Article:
Thomas Kelly Speech To The Legislative Assembly, 12 November

Mr DAVID ELLIOTT (Baulkham Hills) [12.04 p.m.]: I draw to the attention of members the recent and tragic murder of a young man who went to school in my electorate. I use the term “murder” because the offender apprehended for the death of Thomas Kelly was, until a week of active injustice, charged with the offence of murder. In July last year Thomas, who could have been the son or relative of any family represented in this Parliament, went on a night out with friends. This young man was special to me because his parents made the significant sacrifice to have him enrolled in one of the schools in my electorate of Baulkham Hills. I know many of his school mates and the families he associated with. By all accounts, Thomas Kelly was a fine young man, the type of young man any father would boast about. Thomas and his family—indeed, our entire community—had every reason to believe he could achieve anything he put his mind to.

As the father of two young boys who are also schooled in the Hills district, I cannot imagine the pain the Kelly family is going through—pain brought about because of the senseless slaying of their son and then because the New South Wales judicial system thought so little of the crime. I found the circumstances surrounding this matter so unjust that I have written to Mr and Mrs Kelly to formally apologise for the way they have been treated. I know this will have little benefit to the Kelly family and their friends, but it was important to my community that someone who is part of the system acknowledges that the system had failed. In sentencing Thomas’s killer, the court used the Aboriginality of the offender as a mitigating circumstance. I find this excuse to be abhorrent because in doing so the court is actually suggesting that Aboriginals must be excused because they may have a predisposed tendency to violence. Does this mean that Mark Ella and Neville Bonner have some genetic, predisposed inclination to this sort of behaviour?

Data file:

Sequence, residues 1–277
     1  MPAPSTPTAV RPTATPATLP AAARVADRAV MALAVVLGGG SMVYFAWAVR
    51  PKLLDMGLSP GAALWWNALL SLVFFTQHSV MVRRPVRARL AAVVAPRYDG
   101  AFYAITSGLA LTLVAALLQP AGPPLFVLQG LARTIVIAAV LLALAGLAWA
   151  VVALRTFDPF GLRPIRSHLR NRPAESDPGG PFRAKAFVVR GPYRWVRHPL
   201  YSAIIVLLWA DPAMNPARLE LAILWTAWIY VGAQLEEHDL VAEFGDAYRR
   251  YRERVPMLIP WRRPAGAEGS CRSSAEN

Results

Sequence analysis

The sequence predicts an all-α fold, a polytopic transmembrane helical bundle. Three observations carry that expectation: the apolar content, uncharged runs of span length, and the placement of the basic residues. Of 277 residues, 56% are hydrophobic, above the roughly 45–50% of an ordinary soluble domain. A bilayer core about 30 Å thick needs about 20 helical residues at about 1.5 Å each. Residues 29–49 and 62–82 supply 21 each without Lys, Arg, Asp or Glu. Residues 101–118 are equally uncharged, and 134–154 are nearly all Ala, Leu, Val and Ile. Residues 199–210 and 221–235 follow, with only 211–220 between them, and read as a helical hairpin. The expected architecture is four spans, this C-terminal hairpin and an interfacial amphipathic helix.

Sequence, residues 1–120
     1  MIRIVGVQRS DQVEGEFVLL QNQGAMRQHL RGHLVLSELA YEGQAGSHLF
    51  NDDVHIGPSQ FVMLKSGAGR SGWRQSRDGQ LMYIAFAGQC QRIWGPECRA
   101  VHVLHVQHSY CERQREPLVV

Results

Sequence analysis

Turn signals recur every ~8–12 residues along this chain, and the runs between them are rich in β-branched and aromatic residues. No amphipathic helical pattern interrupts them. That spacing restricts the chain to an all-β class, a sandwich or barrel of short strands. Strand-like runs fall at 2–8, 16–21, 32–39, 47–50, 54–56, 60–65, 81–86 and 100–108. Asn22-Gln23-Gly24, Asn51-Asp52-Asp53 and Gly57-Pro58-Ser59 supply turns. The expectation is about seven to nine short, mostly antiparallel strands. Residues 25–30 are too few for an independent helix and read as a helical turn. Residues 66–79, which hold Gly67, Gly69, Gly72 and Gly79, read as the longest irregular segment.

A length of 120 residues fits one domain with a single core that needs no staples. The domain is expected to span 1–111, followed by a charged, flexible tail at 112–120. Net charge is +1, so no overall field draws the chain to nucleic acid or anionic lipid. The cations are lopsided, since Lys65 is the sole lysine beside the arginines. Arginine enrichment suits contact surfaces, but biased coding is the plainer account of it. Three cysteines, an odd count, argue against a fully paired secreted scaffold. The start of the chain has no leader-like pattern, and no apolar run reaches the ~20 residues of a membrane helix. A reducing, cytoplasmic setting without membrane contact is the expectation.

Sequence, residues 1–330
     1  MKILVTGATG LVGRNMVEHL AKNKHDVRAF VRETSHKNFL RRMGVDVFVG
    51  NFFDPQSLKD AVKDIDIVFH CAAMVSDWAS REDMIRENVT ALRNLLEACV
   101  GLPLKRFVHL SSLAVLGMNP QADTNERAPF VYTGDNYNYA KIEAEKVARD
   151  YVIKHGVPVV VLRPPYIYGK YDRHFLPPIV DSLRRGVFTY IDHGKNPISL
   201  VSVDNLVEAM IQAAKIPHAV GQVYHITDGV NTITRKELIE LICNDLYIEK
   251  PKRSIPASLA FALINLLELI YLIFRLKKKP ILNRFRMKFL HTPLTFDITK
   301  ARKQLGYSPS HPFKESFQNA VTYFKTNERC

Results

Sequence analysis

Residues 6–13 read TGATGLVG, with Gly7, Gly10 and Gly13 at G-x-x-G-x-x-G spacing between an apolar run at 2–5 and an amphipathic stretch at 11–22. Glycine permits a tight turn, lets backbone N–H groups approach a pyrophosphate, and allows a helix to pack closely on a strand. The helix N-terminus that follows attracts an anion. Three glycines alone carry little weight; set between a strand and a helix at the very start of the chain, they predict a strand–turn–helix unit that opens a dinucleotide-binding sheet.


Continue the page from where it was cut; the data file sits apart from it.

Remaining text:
The court also used the offender’s low socio-economic standing as an excuse. Is he saying that low-income Western Sydney families are also genetically predisposed to murder? As a working class western suburbs boy, I find that excuse horrific. I cannot imagine anyone in my social sphere suggesting that they should be excused from a crime simply because they hail from Western Sydney. The court finally suggested that the offender’s single parent upbringing is a mitigating circumstance. Does that mean that all single parent families have killers in their midst? If not, why are offenders able to use this as an excuse for their behaviour? Of course, the answer to all these questions is no. That is why the outrage of the Thomas Kelly case is unprecedented. The court handed down a ruling which was within the confines of acceptable standards according to the New South Wales judiciary.

What kind of society do we live in when those entrusted with the disposition of justice choose to hide behind the latest politically correct sociology? Nobody believes that justice should be dispensed by a lynch mob. However, it is clear from the feedback I am receiving in my own electorate that the community believes the courts have forfeited the right to use their total discretion in sentencing. For this reason, it is my opinion that this Parliament needs an honest and open debate about the need to legislate for mandatory sentences when the courts have found offenders guilty of premeditated and wilful acts of violence. In this place we often speak of rights—the right to a defence, the right to a fair trial. I ask the House: What about the right to life, liberty and the pursuit of happiness?

Sadly, Thomas Kelly no longer holds any of these rights, while his killer will enjoy all of these rights again in just four short years—four short years after an absolute demonstration of a lack of empathy, which is, to my mind, the very definition of evil. Edmund Burke once said that “all that is necessary for the triumph of evil is for good men to do nothing”. Evil is flourishing and it is time the judiciary of our State began honouring their commitment to justice and human rights for all, not just those who come before the bench.

A young schoolboy from my electorate was killed last year. How many more schoolboys will die before the rights of victims of crime become the paramount concern of our legal system?